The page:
Wolverine Hugh Jackman

From that first moment, that first scene in the bar, it was clear that Hugh Jackman owned this role. And he never stopped owning it. Jackman made Wolverine into a household name, redefining the character for an entire generation of fans. And then, instead of stopping after a couple movies, he continued playing the character for almost 20 years, a legacy almost unheard of in any major franchise. Even more amazingly, his passion for the character only became stronger over time. From then and until now, Jackman was Wolverine. He’s made that role his own, arguably more than any other superhero actor to date.

Sure, Christian Bale was amazing as Batman. Robert Downey Jr. has brought Iron Man from a B-list favorite into the poster boy of Marvel Comics. Tobey Maguire was perfect for Peter Parker. But honestly, I don’t think there’s ever been another actor who has been this dedicated to a superhero role, starring in so many different films, and even playing such a key role in the writing of the character as the series went on.

Hugh Jackman Wolverine Logan


What Hugh Jackman — and the director, Bryan Singer — understood about Wolverine, that could have been so easily screwed up, was that the fundamental appeal of the character is his humanity, and the constantly wavering contrast between the good man buried within him and the rabid animal that he was brainwashed to be.

Another creative team may have simply painted Logan as the X-Men’s cranky outsider with a bad temperament, or maybe the supporting character who is simply the badass of the team with all the best one-liners. Jackman’s take, instead, is to always show the vulnerability in those eyes — the eyes of a man who lost his memory, his past, and everyone he’s ever loved — while also not shying away from the brutality; this is a guy who has spent his time beating people in cages, who can fly into a rage and skewer soldiers on his blades, but who at the same time can fall in love, protect children from harm, and even learn to believe in some idealistic dream preached to him by an old bald guy in a wheelchair.

Wolverine may be a killer, but he’s not supposed to be cold. Jackman understood the character’s inherent warmth, and that’s how he was able to embody Wolverine so successfully.

Hugh Jackman Logan Wolverine

It’s surreal to think that when Logan comes out, in just a few days, we’ll never see Hugh Jackman’s Wolverine again. From a creative perspective, I admire his decision to end the story now, while he’s ahead. Too often, these giant sci-fi vehicles just roll on and on without any closure; while there’s no doubt that the X-Men franchise will continue for years to come, this movie will at least allow fans to say a true goodbye to the character who first made the X-Men movies so popular to begin with.

When we look back on classic adventure characters in film, we always associate them with the actors who defined those characters as well. Harrison Ford was Indiana Jones. Arnold Schwarzenegger was the Terminator. Carrie Fisher was Leia. Bruce Willis was John McClane. And I think, in the future, when we look back on Wolverine, we’ll always remember the way that Hugh Jackman held out those claws, forever etching his place in cinematic history.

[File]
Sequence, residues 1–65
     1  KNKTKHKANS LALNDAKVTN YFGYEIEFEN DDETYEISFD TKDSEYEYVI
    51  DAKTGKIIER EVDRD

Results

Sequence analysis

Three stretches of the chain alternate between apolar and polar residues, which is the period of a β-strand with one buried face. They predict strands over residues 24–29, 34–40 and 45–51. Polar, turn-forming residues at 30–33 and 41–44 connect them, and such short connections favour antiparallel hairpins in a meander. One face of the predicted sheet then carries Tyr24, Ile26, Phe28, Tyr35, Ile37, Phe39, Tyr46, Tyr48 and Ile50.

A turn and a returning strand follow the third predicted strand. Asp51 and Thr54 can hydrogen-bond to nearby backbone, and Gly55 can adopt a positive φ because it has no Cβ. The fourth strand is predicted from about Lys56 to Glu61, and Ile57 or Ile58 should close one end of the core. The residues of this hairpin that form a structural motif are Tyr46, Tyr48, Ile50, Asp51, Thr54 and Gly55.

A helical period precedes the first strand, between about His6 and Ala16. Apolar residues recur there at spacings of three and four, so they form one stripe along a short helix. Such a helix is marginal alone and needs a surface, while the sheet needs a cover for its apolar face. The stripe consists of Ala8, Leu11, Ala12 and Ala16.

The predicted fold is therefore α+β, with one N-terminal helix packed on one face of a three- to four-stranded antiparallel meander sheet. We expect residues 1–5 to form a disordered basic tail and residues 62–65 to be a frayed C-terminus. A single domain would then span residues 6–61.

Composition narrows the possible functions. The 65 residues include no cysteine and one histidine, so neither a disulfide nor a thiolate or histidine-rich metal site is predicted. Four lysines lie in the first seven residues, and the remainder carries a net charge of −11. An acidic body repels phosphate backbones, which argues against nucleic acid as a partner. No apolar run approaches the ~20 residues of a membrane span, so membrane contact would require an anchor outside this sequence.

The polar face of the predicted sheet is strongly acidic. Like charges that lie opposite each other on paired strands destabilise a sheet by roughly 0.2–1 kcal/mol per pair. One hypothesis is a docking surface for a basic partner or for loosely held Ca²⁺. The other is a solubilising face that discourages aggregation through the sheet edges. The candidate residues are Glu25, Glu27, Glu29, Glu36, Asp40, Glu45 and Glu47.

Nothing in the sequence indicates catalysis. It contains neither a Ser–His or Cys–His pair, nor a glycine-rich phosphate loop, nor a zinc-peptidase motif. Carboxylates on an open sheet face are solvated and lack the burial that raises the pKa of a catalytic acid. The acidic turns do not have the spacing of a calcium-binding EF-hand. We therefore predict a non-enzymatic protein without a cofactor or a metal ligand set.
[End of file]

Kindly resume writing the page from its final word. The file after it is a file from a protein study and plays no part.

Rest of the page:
Next time: The journey through Laos, I promise! 

Lopburi Thailand

Southeast Asia, Part 1: Bangkok, Lopburi, Chiang Mai, and Pai

Hello, hello!

I’m happy to announce that after a fantastic month out in southeast Asia, my wife Veronica and I have made it back home to the United States. Apologies for the long pause in blogging — perhaps the longest pause since I first started this blog in 2012! — but don’t worry, now that I’m back, the blog schedule will return to normal.

So yes, traveling: perhaps the most beautiful thing about traveling, really, isn’t what you see while you’re away, but what you bring back with you when you come home.

Lopburi Thailand

When one dives into other cultures headfirst, takes the time to understand them, to open oneself to the ways that other lands, peoples, and societies work, you find that there is no perfect society, no “best country on Earth,” no excuse for exceptionalism. Every place has its positives and negatives. Every culture has evolved into what it is for a reason, and the enhanced possibilities for cultural exchange is one of the best features of today’s world.

Traveling, experiencing other cultures, understanding other cultures, is the cure for such toxins as bigotry, prejudice, and ignorance. Because when you see why people are the way they are, it pulls back the ridiculousness of being judgmental, the inanity of putting up walls and pretending that one’s way is the best way, or the only way. In today’s times, an understanding of other cultures is exactly what we need if we want to move forward, instead of stepping back.

It’s good to be home. Flying back into New York City, even for just a stopover, and seeing the skyscrapers is always a delight. But it was just as amazing to spend an entire month immersed in southeast Asia, from Thailand to Laos to Cambodia, and back to Thailand again. There were so many experiences that I’ll never forget, so many new lessons that will stick with me, so much inspiration.

Thailand Phuket